Protect a Critical Food Source for Native Fish
Forage fish like sardines, anchovies, sandlance and smelt are indispensable parts of the marine ecosystem on the Pacific coast. These tiny fish are food for a multitude of marine predators such as salmon, steelhead, tuna and seabirds. Additionally, many forage fish return on their spawning runs to Pacific Northwest watersheds where their presence further enriches freshwater foodwebs.
Unfortunately, over the past decade unregulated harvest has put some forage fish species at risk and has been associated with declines in salmon, steelhead runs as well as seabirds. To prevent further declines and protect all of the species that depend on forage fish, a coalition of groups, including the Native Fish Society, approached the Pacific Fishery Management Council (PFMC), which sets catch levels on West Coast fish, for increased protections for forage fish.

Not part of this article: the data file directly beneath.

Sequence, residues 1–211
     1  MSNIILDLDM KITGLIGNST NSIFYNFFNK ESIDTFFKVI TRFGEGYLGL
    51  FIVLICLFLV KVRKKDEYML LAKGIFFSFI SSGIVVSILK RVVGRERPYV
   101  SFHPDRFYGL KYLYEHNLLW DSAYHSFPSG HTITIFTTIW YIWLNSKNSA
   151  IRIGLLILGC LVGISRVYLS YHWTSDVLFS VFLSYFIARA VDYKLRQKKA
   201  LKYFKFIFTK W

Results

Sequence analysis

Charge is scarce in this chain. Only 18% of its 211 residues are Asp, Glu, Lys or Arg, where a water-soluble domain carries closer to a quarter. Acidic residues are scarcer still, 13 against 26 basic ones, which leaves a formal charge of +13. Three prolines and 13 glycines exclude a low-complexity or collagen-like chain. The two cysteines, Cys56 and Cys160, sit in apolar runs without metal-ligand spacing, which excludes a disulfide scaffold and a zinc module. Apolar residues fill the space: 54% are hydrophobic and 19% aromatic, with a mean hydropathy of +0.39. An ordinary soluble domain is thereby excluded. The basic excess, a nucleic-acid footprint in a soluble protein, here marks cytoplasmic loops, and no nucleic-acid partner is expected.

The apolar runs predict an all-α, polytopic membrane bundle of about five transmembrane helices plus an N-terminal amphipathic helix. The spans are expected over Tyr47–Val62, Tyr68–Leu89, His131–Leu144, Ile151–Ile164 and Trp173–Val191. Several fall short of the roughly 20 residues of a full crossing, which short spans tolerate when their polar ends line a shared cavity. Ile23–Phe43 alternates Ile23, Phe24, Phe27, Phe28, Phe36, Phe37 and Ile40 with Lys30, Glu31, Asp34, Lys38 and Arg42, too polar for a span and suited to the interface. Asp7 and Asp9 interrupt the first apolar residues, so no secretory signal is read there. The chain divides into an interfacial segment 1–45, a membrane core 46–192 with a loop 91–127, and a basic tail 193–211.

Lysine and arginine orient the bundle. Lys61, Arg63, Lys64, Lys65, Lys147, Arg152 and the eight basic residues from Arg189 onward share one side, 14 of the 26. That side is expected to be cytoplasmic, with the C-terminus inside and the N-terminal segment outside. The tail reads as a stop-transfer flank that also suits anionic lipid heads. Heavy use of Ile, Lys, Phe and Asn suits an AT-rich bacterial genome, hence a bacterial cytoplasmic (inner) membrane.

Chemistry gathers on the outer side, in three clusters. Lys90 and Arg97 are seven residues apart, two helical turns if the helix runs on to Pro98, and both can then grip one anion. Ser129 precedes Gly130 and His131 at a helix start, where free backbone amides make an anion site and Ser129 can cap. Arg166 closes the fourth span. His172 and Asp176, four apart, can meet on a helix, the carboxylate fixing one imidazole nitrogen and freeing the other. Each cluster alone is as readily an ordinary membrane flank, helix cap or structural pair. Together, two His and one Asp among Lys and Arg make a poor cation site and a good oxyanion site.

In the past two years, the Council has made significant progress toward providing these protections and will hopefully finalize these actions in spring 2015. Currently, the Council is accepting public comments for its upcoming September meeting in Spokane, WA.
Please take 5 minutes to send in your comments to the PFMC thanking them for their work thus far to protect currently unmanaged forage fish and encourage them to move forward by:
- Incorporating unmanaged forage fish as ecosystem component species into each of its existing fishery management plans and;
- Setting a limit on the amount of unmanaged forage fish that may be taken in existing fisheries for groundfish and other species.
Your comments ensure that the Council has the public support it needs to take a proactive, ecosystem based approach to the protection of Pacific forage fish and a key food source for all of the fish and wildlife they support.
Comment deadline is September 3, 2014.
Native Fish Society